August 25th, 2006 02:26 EST
U.S. military shifts responsibility for Lebanon to European Command
The planned transfer of responsibility of U.S. military operations associated with Lebanon from the U.S. Central Command to the U.S. European Command (EUCOM) has taken place, according to the U.S. Department of Defense.
As of August 23 EUCOM’s Joint Task Force-Lebanon has replaced the CENTCOM’s Task Force-59. The Lebanon task force was formed to assist in any humanitarian activities and support requests from U.S. Embassy Beirut and the State Department to aid the Lebanese people as they recover from a month of conflict. (See related article.)
Navy Vice Admiral John “Boomer” Stufflebeem, commander of the 6th Fleet, has been assigned to head up JTF-Lebanon. Stufflebeem said his command will execute whatever humanitarian assistance is needed by the embassy or the department. His task force has more than 2,400 military personnel as well as ships and aircraft ready to respond.
Stufflebeem met with the U.S. ambassador to Lebanon in Beirut on August 21. Ambassador Jeffrey Feltman indicated he expected the transition to be seamless.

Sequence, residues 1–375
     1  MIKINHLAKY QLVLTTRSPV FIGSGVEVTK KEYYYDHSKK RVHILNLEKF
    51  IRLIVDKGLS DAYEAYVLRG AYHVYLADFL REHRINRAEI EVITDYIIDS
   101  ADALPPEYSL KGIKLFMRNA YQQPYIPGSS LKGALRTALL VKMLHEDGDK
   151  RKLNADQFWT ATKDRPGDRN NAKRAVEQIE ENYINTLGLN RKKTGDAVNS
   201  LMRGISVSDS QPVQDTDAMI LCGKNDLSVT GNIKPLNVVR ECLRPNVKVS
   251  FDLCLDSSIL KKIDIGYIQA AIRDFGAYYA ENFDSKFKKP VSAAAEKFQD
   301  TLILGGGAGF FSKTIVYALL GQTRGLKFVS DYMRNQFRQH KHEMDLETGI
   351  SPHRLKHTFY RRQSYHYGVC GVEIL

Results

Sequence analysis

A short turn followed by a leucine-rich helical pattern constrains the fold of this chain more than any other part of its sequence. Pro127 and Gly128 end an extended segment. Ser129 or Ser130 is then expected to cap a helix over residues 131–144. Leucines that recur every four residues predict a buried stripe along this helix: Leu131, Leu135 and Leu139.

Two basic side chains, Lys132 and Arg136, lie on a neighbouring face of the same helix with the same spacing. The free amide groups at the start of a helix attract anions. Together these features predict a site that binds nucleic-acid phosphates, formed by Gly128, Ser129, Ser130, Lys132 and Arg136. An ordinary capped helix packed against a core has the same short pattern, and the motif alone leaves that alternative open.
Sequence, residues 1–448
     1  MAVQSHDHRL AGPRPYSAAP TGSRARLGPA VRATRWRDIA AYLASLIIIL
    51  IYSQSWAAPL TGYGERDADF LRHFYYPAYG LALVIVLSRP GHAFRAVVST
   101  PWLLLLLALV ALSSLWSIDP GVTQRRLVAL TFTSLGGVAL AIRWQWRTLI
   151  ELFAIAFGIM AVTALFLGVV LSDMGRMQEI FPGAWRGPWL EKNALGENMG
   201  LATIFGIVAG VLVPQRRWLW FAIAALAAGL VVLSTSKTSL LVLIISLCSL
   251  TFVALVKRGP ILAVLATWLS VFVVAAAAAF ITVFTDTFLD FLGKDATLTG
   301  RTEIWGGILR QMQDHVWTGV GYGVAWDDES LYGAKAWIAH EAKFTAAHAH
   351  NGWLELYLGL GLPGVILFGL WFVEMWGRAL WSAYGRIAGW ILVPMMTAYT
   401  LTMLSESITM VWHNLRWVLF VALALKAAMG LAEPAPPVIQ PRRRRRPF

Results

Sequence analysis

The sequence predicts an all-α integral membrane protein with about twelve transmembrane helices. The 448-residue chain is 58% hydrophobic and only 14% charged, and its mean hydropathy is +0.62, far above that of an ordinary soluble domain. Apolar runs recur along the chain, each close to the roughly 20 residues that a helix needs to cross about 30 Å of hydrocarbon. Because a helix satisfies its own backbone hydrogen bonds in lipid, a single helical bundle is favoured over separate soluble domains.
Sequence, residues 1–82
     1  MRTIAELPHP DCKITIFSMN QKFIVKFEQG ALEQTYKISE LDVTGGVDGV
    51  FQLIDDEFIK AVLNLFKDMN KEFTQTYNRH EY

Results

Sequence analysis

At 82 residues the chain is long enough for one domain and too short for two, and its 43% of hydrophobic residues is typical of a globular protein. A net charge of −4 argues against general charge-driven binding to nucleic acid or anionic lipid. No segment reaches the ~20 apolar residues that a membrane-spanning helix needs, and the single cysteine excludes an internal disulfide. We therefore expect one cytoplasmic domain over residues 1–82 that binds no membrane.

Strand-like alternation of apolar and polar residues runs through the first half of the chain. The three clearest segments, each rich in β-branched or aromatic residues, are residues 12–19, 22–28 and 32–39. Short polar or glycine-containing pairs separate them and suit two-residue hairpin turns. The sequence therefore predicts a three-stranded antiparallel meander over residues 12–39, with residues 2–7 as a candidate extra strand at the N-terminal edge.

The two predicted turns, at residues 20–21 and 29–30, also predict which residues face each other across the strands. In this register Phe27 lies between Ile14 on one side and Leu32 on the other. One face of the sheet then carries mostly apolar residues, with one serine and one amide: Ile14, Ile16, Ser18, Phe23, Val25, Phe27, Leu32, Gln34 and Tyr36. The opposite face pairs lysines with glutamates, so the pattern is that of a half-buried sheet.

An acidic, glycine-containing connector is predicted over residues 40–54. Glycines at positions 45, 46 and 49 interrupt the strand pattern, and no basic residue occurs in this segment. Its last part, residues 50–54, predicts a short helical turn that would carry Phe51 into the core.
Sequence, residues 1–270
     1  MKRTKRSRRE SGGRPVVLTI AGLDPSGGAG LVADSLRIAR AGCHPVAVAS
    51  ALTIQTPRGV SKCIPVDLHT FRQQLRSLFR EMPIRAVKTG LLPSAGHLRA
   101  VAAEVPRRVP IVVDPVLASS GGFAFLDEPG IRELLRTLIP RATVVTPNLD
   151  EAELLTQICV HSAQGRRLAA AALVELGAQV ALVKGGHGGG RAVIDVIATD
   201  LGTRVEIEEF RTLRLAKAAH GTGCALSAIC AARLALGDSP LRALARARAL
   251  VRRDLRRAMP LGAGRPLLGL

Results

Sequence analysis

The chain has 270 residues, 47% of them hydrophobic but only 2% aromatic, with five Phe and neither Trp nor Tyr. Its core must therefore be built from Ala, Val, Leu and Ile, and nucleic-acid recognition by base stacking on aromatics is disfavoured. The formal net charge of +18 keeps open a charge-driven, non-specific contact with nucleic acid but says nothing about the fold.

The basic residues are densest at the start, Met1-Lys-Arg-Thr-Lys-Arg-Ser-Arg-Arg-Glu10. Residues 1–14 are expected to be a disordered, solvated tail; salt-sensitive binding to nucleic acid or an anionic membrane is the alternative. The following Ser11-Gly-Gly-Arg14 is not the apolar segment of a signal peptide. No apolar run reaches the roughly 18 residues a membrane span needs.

The shift of responsibility for Lebanon from CENTCOM to EUCOM was an easy transition because the European command was supporting CENTCOM as it prosecuted the war on terrorism, and it already was handling matters relating to Lebanon’s neighbor, Israel.
The Central Command has been focused on supporting military operations in Afghanistan and Iraq dating back to 2001.
The decision reflects ongoing military transformation efforts within the Department of Defense as well as in the NATO. Just as NATO has become involved in support, training and peacekeeping operations outside its traditional geographic area of expertise in places such as Afghanistan, so too has the European Command. EUCOM has become increasingly involved in locations as far away as the Horn of Africa. (See related article.)
General James Jones, who heads EUCOM and also is NATO’s Supreme Allied Commander in Europe, said the reorganization makes sense for the Mediterranean region.
Speaking to reporters at the Pentagon on August 17 before the transfer of command authority, Jones said another reason for the shift was the expected additional contributions of peacekeeping troops from European countries to the enhanced United Nations Interim Force in Lebanon in Southern Lebanon.
With NATO and U.S. naval forces in Europe planning to support air and sealift requirements for the augmented U.N. peacekeeping force, Jones said it made sense for responsibilities associated with Lebanon to fall to EUCOM.
For more information about U.S. policy, see International Security and the Middle East and North Africa.
(Distributed by the Bureau of International Information Programs, U.S. Department of State. Web site: http://usinfo.state.gov)